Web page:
If you want the insider story – jump straight here, where Joel Kemp, Spotify Staff Software Engineer, explains how Elixir helped him and his team break through some rough issues.
I will let Joel speak for himself:
At work, I’ve been maintaining a business critical, JVM-based backend service that has to handle thousands of requests per second (we’ll call that a “high traffic” service). Without going into details, the service basically calls out to a database and another backend service on every request and then responds to the user’s request. It also does some off-request operations that are necessary for dealing with the database. The point is that there are some concurrent operations going on within the service for every request.
This is a perfect case for Elixir – a language that allows high level concurrency unavailable in most languages. Don’t get concurrency and why it matters? Here is another great explainer from Sophie DiBenedetto from Flatiron Labs as to why this particular aspect of Elixir rocks. Using her analogy, it allows you to load two washing machines at once!
Another technological big shot, Discord, has used Elixir extensively in its software. It proudly says it was an early adopter, as their real-time systems had to handle significant traffic, in millions of users and events every second.
Discord has published multiple interesting blog posts about its Elixir use, and it shows what thinking process went into choosing it as one of their main technologies in the stack. To put it in simple terms from one of such entries:
We developed the original prototype of Discord in Elixir; that became the foundation of our infrastructure today. Elixir’s promise was simple: access the power of the Erlang VM through a much more modern and user-friendly language and toolset.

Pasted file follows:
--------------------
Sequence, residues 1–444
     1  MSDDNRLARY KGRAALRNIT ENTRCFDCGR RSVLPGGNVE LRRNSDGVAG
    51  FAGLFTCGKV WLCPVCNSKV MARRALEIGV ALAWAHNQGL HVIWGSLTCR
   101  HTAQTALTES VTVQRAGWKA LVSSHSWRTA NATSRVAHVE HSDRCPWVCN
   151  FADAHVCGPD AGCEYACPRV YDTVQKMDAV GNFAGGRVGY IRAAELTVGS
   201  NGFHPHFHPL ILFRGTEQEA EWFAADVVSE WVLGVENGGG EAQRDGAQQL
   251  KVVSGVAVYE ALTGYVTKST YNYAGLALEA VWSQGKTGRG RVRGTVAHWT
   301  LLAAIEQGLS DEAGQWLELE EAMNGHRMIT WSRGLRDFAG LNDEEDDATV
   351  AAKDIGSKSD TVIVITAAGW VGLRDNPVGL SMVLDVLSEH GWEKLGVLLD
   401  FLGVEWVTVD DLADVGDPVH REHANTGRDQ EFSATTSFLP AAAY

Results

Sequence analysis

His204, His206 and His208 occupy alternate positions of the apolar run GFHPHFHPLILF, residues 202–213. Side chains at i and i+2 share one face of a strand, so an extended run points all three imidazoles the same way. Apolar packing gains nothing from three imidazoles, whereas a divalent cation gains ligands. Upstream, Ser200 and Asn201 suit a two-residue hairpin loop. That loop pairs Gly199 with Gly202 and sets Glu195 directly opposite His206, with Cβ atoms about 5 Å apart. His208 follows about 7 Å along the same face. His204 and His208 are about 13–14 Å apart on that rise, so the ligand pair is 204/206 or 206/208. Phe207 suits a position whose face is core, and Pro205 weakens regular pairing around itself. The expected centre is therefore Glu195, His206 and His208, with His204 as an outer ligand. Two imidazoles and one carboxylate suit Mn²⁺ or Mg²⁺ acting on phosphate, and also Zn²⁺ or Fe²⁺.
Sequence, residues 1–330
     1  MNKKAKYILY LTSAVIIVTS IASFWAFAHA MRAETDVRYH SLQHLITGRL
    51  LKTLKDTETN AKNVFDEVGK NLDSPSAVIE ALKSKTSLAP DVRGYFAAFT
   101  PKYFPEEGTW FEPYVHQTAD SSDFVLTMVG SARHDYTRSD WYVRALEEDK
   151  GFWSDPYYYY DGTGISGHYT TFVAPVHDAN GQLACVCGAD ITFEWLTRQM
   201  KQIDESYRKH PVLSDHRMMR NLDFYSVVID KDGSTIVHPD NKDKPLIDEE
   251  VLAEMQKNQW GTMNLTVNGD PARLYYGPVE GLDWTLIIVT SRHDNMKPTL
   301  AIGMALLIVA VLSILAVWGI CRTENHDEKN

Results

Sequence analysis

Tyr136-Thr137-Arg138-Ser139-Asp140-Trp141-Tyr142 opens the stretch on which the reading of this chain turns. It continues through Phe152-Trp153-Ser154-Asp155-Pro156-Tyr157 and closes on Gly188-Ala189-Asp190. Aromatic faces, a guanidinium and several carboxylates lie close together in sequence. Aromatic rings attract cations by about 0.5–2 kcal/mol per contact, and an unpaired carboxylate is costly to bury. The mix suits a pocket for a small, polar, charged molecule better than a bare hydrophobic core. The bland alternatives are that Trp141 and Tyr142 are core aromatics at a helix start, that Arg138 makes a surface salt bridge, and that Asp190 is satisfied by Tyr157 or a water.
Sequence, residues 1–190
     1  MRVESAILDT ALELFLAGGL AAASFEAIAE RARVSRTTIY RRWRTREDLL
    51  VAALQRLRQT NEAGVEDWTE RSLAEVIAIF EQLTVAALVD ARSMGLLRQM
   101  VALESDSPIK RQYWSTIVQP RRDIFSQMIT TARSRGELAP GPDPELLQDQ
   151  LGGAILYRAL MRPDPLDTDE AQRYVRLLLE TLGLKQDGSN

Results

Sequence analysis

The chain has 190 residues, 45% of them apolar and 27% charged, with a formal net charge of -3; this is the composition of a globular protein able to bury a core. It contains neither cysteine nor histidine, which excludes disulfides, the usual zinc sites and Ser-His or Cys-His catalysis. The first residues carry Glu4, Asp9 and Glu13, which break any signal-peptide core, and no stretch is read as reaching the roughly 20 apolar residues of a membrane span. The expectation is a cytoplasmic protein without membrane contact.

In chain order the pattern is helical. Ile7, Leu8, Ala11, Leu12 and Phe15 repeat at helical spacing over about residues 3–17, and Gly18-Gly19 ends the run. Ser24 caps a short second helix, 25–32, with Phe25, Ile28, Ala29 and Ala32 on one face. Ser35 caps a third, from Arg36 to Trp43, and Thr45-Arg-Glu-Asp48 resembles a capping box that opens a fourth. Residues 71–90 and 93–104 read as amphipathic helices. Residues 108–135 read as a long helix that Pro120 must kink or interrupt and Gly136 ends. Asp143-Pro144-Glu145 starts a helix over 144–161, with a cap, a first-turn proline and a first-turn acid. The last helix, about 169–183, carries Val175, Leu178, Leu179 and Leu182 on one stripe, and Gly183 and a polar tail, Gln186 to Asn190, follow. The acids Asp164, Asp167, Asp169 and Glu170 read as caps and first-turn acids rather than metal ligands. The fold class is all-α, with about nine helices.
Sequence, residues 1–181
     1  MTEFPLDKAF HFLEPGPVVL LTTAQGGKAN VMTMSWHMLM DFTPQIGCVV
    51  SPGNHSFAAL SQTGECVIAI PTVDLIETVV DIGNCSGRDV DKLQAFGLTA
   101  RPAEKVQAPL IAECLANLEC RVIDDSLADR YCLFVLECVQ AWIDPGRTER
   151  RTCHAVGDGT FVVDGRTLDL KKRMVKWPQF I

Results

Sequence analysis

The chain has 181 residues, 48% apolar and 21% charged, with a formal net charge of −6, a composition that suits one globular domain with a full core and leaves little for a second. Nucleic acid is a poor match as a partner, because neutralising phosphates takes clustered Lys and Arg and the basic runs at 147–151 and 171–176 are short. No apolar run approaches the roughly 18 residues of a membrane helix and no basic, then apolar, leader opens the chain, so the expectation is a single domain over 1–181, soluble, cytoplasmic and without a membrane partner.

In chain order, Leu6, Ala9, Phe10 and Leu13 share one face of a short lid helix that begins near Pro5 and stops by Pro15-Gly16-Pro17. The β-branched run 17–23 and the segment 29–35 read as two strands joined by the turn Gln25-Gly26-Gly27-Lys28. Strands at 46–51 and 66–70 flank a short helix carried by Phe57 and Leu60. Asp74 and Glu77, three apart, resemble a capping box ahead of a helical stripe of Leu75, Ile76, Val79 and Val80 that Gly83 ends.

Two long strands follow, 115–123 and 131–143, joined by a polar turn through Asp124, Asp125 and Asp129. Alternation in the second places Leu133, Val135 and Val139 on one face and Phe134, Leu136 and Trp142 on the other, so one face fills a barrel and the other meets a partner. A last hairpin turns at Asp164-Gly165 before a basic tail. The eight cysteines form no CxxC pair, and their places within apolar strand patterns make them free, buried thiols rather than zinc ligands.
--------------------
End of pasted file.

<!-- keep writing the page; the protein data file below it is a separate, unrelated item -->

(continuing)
In the article quoted above, Discord CTO describes using Elixir to boost the efficiency of their service and upping its capability to over 5 million users at once. Just two years later Discord grew more than two-fold, and published another article – this time showing how Elixir worked with Rust to further empower their software to allow 11+ million concurrent users.
This shows its adaptability and why it is sought after (with companies reporting a lack of Elixir specialists in recent years), and Discord still uses it for its server-side operations.
Pepsi had an interesting challenge – it is a beverage company, which had a bit of trouble in attracting serious engineers and developers.
Elixir proved to be a part of the solution. As discussed broadly in a great interview with Jason Fertel, eCommerce Engineering Lead, it helped the company cultivate an image of a serious technological competitor and build great products. Elixir became a vital part of Pepsi tech stack, and parts of its infrastructure was rewritten in Elixir to improve its scalability and efficiency.
Looking for a job in a game development company? Japanese powerhouse Square Enix - author of legendary titles such as Final Fantasy, Tropico and upcoming Marvel’s Avengers actively recruits back-end developers with Elixir experience, and for good reasons. Handling its platform-wide authentication for all games at once, as credentials follow users through different games, requires some special programming abilities.
So anytime you go about building an economic powerhouse in Tropico or want to slay iconic Final Fantasy monsters, Elixir makes it all possible.
Another software with high requirement for efficient handling is WhatsApp – which in 2019 has been the most popular messaging app in the world, and grew exponentially after being acquired by Facebook in 2014. Couple of years ago it was lauded as one of the most innovative tech companies, as only 50 engineers were needed to service 900 million of its users.
Erlang, with its lightweight process architecture that later brought us Elixir is a great fit for WhatsApp and even companies that exploit its platform for other purposes – like social impact projects ran in Elixir.
To learn what Elixir can bring to your business – give us a call!